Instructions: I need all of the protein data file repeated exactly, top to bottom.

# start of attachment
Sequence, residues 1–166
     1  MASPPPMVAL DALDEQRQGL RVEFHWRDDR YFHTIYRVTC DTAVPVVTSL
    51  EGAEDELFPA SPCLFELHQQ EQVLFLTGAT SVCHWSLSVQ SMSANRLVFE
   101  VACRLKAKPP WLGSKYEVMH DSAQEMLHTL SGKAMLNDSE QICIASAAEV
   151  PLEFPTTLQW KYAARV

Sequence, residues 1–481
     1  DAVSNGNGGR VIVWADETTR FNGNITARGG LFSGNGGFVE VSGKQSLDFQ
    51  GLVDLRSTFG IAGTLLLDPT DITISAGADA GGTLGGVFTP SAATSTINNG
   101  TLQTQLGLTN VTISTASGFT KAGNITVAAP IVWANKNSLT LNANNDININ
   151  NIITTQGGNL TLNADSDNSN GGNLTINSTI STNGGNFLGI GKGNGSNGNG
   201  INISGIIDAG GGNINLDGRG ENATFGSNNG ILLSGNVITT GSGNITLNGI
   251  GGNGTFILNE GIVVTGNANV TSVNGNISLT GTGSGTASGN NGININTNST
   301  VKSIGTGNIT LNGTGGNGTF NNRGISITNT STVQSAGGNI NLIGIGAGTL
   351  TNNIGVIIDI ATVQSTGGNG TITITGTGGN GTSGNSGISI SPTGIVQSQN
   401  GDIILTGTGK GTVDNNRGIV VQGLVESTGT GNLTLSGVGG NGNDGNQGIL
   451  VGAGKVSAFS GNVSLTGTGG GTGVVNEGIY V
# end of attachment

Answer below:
Sequence, residues 1–166
     1  MASPPPMVAL DALDEQRQGL RVEFHWRDDR YFHTIYRVTC DTAVPVVTSL
    51  EGAEDELFPA SPCLFELHQQ EQVLFLTGAT SVCHWSLSVQ SMSANRLVFE
   101  VACRLKAKPP WLGSKYEVMH DSAQEMLHTL SGKAMLNDSE QICIASAAEV
   151  PLEFPTTLQW KYAARV

Sequence, residues 1–481
     1  DAVSNGNGGR VIVWADETTR FNGNITARGG LFSGNGGFVE VSGKQSLDFQ
    51  GLVDLRSTFG IAGTLLLDPT DITISAGADA GGTLGGVFTP SAATSTINNG
   101  TLQTQLGLTN VTISTASGFT KAGNITVAAP IVWANKNSLT LNANNDININ
   151  NIITTQGGNL TLNADSDNSN GGNLTINSTI STNGGNFLGI GKGNGSNGNG
   201  INISGIIDAG GGNINLDGRG ENATFGSNNG ILLSGNVITT GSGNITLNGI
   251  GGNGTFILNE GIVVTGNANV TSVNGNISLT GTGSGTASGN NGININTNST
   301  VKSIGTGNIT LNGTGGNGTF NNRGISITNT STVQSAGGNI NLIGIGAGTL
   351  TNNIGVIIDI ATVQSTGGNG TITITGTGGN GTSGNSGISI SPTGIVQSQN
   401  GDIILTGTGK GTVDNNRGIV VQGLVESTGT GNLTLSGVGG NGNDGNQGIL
   451  VGAGKVSAFS GNVSLTGTGG GTGVVNEGIY V